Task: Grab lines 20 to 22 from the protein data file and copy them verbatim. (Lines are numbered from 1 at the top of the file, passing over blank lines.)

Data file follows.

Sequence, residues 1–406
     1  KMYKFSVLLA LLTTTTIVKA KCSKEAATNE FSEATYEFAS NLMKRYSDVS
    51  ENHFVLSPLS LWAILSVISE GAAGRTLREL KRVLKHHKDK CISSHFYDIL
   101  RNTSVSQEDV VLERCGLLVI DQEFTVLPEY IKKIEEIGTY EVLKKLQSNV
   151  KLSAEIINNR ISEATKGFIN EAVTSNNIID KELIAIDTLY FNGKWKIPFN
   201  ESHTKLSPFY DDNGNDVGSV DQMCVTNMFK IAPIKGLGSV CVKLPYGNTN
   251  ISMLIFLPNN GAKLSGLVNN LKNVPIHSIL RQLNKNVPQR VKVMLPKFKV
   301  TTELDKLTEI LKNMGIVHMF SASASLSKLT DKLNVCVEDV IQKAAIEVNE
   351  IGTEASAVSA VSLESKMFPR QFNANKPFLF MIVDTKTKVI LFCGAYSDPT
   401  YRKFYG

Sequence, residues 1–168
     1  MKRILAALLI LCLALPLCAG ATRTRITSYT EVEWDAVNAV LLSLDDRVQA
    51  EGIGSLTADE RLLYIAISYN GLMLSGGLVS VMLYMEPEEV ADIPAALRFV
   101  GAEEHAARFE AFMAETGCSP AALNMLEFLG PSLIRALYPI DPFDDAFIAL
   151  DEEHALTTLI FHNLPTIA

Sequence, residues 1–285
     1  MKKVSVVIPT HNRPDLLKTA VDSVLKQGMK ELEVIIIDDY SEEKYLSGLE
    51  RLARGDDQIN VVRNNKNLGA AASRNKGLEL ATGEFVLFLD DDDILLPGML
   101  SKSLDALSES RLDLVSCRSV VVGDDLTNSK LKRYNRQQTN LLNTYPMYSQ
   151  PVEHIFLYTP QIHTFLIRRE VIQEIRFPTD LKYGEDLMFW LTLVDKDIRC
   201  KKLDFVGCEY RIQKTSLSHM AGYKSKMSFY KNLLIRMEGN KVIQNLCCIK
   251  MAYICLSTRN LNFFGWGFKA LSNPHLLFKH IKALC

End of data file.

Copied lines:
   151  PVEHIFLYTP QIHTFLIRRE VIQEIRFPTD LKYGEDLMFW LTLVDKDIRC
   201  KKLDFVGCEY RIQKTSLSHM AGYKSKMSFY KNLLIRMEGN KVIQNLCCIK
   251  MAYICLSTRN LNFFGWGFKA LSNPHLLFKH IKALC